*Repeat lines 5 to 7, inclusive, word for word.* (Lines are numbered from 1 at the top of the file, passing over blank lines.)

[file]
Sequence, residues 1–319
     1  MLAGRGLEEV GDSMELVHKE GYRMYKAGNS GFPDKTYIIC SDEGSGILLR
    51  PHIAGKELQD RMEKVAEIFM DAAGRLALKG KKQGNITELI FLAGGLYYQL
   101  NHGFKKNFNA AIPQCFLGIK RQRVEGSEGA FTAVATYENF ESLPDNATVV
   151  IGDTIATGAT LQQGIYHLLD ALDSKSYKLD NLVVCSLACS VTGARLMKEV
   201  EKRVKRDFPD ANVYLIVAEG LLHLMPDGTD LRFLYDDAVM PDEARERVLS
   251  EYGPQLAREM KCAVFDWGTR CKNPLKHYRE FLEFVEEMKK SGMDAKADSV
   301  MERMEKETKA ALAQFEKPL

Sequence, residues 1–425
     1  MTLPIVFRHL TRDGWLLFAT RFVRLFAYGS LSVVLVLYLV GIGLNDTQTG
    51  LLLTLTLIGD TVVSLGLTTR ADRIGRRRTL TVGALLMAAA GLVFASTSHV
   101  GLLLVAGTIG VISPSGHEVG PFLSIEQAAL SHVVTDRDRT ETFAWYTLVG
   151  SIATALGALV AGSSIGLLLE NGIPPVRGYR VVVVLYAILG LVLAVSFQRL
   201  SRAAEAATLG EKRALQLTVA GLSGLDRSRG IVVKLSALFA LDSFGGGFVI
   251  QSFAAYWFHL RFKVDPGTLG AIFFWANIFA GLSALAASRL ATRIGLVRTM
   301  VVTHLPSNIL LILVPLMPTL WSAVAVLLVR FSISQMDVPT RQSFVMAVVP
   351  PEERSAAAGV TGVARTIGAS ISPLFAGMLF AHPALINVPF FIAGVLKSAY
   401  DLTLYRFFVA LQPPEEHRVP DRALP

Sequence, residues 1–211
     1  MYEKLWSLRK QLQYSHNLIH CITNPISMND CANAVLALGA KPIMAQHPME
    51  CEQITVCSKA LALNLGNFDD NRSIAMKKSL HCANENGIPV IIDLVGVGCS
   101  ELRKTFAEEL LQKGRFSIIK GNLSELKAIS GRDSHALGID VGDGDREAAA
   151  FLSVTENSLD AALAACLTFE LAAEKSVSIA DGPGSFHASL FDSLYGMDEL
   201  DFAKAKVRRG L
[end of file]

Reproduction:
   151  IGDTIATGAT LQQGIYHLLD ALDSKSYKLD NLVVCSLACS VTGARLMKEV
   201  EKRVKRDFPD ANVYLIVAEG LLHLMPDGTD LRFLYDDAVM PDEARERVLS
   251  EYGPQLAREM KCAVFDWGTR CKNPLKHYRE FLEFVEEMKK SGMDAKADSV